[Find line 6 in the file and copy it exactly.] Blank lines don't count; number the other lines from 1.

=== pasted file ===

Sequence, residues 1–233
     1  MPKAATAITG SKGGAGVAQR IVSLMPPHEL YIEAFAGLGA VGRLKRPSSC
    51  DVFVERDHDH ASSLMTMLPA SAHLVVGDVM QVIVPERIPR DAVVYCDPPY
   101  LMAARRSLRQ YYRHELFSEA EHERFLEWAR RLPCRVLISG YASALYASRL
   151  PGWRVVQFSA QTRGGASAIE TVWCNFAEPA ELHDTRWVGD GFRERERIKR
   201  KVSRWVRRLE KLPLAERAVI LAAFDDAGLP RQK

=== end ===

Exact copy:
   201  KVSRWVRRLE KLPLAERAVI LAAFDDAGLP RQK